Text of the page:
The demographics of women in the workplace may surprise you.
Since the launch of YWomen 5 years ago I have spoken to dozens of Fortune 500 companies regarding the critical need to recruit, develop and retain women through active male engagement and I have not heard of one company that celebrates this event. I have to say this is a HUGE miss for organizations and it’s time we shine a spotlight on this important demographic.
Do we really need a day to celebrate Single Working Women’s Day?In four simple words: OMG — YES!
August 4 is Single Working Women’s Day. Founded in 2006 by Barbara Payne, it is a day to pay homage and recognize the important role single working women play in our communities and families.
Payne and her friends wondered ‘why it is there are dozens of holidays for moms, dads, married people (anniversaries), lovers, etc. but nothing anywhere to recognize the unique contributions of single women to the world.’ They created the Single Working Women’s Affiliate Network and a movement that is dedicated to celebrating single working women who do it all.
Single working women are the backbone for most professional organizations in America.
The demographics of women in the workplace may surprise you. The number of one-parent families has nearly doubled since 1975. Based on the March 2015 US Department of Labor report, 32% of families with children were one-parent families, up from only 16.3% in March 1975. Additionally in this country:
- Women earn college degrees than men
- 36.3% of all privately held business in the US are women-owned
According to the Women in the Labor Force: 2015 Databook:
- 59% of women (over age 16) are employed
- 54.3% of employed women are unmarried (never married, other marital status, divorced, separated, widowed)
- Of the 67 million women employed in the U.S.— 74%of employed women worked on full-time jobs, while 26% worked on a part-time basis
What does this mean for the celebration of single working women?And why should progressive companies take note?
As I’ve noted previously, men and women are having different experiences in the workplace. The same can be said for single working women and their married counterparts. In addition to the wage gap (which compounds over a women’s working life and impacts, spending, savings, and retirement), single working women face other challenges:
- Benefit packages in most companies tend to favor employees who are married and have children
- Many of the subsidized benefits, childcare, maternity/paternity leave are designed for families
- Employees often assume that single employees don’t have obligations and can work extra hours, travel more frequently, pick-up work from co-workers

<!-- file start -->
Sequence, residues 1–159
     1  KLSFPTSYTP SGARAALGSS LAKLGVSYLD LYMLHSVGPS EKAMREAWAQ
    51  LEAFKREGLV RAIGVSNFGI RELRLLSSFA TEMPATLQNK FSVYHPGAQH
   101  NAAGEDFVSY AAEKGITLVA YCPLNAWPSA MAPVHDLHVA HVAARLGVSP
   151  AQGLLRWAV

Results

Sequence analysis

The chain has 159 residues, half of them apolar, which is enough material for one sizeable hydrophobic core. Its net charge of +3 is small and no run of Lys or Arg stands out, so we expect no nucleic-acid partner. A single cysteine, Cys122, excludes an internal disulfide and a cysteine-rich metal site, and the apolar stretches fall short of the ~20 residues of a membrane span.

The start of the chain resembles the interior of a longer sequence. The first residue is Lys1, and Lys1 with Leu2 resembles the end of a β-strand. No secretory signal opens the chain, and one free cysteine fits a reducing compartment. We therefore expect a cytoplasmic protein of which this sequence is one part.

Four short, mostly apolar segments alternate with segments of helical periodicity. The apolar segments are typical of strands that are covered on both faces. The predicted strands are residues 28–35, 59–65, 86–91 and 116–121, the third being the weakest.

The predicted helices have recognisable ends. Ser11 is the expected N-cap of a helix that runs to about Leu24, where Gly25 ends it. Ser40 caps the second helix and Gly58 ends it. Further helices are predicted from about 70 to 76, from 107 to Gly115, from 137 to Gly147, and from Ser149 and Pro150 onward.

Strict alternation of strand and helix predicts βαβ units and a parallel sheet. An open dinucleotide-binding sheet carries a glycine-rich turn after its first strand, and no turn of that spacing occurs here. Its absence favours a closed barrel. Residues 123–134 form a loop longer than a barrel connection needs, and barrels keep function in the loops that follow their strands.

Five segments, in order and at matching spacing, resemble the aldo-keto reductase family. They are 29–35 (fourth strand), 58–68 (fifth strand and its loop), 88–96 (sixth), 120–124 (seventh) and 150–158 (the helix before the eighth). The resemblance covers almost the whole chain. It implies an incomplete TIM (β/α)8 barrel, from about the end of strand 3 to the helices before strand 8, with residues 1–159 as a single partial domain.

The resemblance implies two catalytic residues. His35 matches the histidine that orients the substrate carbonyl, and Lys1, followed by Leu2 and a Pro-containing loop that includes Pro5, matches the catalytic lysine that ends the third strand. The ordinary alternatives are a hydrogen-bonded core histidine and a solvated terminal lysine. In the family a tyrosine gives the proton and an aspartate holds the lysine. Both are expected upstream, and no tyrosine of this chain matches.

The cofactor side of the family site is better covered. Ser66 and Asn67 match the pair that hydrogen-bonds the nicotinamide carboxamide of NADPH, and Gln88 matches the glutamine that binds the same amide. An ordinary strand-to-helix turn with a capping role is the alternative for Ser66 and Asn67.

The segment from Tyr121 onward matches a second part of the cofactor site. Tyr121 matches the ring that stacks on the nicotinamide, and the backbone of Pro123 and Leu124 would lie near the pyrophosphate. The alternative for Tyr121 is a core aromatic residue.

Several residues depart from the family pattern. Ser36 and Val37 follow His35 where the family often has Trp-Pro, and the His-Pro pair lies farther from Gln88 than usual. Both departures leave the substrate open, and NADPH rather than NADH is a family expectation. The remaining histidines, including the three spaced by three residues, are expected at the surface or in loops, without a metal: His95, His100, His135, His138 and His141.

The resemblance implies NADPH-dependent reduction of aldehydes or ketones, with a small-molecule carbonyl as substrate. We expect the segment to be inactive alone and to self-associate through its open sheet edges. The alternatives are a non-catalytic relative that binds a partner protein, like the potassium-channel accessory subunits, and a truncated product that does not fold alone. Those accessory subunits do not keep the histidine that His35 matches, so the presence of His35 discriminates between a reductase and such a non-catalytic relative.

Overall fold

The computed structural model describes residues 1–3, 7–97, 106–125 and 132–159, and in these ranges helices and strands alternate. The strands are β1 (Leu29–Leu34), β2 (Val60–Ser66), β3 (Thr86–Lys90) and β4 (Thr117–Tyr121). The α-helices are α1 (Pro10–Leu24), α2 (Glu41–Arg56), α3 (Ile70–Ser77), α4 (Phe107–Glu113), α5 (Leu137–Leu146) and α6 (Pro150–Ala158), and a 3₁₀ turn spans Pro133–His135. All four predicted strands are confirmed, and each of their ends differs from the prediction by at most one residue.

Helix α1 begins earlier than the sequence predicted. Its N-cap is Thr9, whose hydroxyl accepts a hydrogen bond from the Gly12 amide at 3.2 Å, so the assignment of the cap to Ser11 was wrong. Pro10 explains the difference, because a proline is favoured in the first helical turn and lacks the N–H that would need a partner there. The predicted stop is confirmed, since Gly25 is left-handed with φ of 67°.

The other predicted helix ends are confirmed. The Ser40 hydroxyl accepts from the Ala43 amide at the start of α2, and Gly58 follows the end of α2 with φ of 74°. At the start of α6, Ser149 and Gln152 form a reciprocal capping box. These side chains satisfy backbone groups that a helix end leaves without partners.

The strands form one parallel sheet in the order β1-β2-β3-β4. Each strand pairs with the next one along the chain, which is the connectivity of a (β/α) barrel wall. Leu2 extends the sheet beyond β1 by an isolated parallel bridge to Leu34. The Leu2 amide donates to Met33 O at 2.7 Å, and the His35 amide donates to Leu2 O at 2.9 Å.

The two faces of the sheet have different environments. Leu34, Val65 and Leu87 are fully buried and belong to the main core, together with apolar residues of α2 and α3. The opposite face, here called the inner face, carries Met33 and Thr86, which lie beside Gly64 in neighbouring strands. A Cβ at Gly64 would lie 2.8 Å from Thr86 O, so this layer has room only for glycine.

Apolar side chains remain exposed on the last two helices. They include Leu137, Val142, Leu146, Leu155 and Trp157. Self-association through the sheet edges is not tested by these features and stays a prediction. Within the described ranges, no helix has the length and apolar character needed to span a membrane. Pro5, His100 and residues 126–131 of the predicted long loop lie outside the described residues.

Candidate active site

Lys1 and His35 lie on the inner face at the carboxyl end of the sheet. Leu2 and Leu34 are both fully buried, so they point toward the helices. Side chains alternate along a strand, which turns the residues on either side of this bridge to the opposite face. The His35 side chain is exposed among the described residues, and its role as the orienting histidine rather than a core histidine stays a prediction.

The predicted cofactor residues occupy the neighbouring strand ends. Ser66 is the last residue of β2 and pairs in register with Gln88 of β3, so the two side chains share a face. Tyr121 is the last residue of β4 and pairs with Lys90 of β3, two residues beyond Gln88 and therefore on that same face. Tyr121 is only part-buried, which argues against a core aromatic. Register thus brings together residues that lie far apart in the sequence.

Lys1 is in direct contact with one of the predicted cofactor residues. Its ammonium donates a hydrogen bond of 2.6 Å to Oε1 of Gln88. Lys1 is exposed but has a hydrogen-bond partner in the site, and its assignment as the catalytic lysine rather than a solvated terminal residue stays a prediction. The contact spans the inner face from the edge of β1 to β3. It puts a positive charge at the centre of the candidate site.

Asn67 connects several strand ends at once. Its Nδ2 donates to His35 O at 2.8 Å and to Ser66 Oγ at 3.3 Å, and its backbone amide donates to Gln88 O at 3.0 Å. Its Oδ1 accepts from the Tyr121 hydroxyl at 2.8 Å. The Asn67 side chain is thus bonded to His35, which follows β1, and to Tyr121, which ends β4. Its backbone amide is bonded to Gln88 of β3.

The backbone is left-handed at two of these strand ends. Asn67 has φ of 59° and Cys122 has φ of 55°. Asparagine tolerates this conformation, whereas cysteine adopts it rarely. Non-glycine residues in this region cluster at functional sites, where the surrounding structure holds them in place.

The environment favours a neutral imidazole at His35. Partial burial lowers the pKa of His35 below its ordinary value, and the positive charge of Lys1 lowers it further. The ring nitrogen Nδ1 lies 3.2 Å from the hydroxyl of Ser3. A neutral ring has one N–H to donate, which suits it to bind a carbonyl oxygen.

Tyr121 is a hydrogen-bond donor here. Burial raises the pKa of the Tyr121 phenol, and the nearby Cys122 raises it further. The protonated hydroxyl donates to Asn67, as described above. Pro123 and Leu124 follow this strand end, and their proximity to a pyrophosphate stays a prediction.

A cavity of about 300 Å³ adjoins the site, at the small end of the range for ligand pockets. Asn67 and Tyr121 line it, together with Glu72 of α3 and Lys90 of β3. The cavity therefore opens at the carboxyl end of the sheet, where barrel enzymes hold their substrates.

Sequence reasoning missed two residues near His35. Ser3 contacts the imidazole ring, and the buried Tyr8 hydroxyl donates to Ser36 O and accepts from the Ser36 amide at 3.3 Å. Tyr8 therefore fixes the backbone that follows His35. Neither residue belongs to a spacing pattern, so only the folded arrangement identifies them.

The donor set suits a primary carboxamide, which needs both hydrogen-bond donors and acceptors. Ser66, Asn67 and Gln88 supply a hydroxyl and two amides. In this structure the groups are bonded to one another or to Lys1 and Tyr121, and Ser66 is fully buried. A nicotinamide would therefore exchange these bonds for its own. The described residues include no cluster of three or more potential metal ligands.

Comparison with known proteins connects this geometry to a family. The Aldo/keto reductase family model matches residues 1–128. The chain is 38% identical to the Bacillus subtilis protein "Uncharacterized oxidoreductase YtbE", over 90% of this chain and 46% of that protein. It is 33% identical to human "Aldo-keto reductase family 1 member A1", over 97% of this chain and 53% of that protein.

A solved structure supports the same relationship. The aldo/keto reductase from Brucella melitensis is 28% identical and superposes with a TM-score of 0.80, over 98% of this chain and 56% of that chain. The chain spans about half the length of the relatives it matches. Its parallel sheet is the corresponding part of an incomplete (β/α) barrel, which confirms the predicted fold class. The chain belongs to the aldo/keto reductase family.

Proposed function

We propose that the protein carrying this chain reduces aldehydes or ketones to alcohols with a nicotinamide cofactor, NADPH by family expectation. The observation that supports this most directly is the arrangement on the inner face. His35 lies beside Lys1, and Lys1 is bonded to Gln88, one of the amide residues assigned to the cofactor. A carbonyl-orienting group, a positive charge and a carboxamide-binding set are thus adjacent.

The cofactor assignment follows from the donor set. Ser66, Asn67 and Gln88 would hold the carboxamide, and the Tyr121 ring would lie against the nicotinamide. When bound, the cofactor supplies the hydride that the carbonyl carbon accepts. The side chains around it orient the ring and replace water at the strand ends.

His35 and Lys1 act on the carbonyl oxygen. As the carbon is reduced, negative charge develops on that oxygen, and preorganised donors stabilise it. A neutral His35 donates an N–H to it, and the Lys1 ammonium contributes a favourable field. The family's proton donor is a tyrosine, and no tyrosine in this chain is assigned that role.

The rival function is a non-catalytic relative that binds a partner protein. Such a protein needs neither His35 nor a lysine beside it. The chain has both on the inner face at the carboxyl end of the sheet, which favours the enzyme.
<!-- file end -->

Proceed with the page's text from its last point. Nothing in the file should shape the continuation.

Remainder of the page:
- Lack of understanding about their family obligations (elderly parents, siblings)
All the Single Ladies
Marriage rates are on the decline. Women (and men) are marrying later life or choosing not to marry at all. Some women are raising children on their own — either by choice or by circumstance. Men and women (married and single) are participating in child raising and the care of elderly parents.
We’ve seen tremendous progress in corporate HR policies during the past year to expand maternity leave and embrace family leave and return-to-work programs. But as Rebecca Traister notes in her book All the Single Ladies: Unmarried Women and the Rise of an Independent Nation, it’s time to acknowledge the “growing numbers of unmarried people in the profession world.” She outlined several areas that would support solo women (and men):
- Equal pay protection (Don’t discount a women’s labor because of the presumption that she won’t be single forever)
- Shorter work days
- Guaranteed paid vacation
- Federally mandated maternity leave, family leave, and sick leave
All the Single Parents
As Ivanka Trump noted in her recent RNC speech: “women represent 46 percent of the total U.S. labor force and 40 percent of U.S. households have women as primary breadwinners,” while she did not mention the high percentage of those breadwinning moms who are single parents, or the high percentage of single mothers who live below the poverty line. She did shed light on women as primary breadwinners for their families.
Progressive Companies Take Note
To attract and retain talent, it behooves companies to put best in class practices to work. As I often advise my clients; ask questions and then be quiet and listen. It’s critical to survey your employees to find out what is important to them, what challenges they face in their work life and their personal life. Listen and then determine how you how to provide solutions to those concerns – whether it’s pay equity, flexible hours, assistance finding child care and elder care or unconscious bias training.
Talent management comes back to understanding and caring for your workforce — your employees. Do you know the makeup of your talent pool? Do your current policies support them to do their job — and advance within your organization?
Kudos to Barbara Payne for creating Single Working Women’s Day help to bring attention single working women. And kudos to progressive companies who are already reviewing their policies and practices to accommodate all members of their workforce.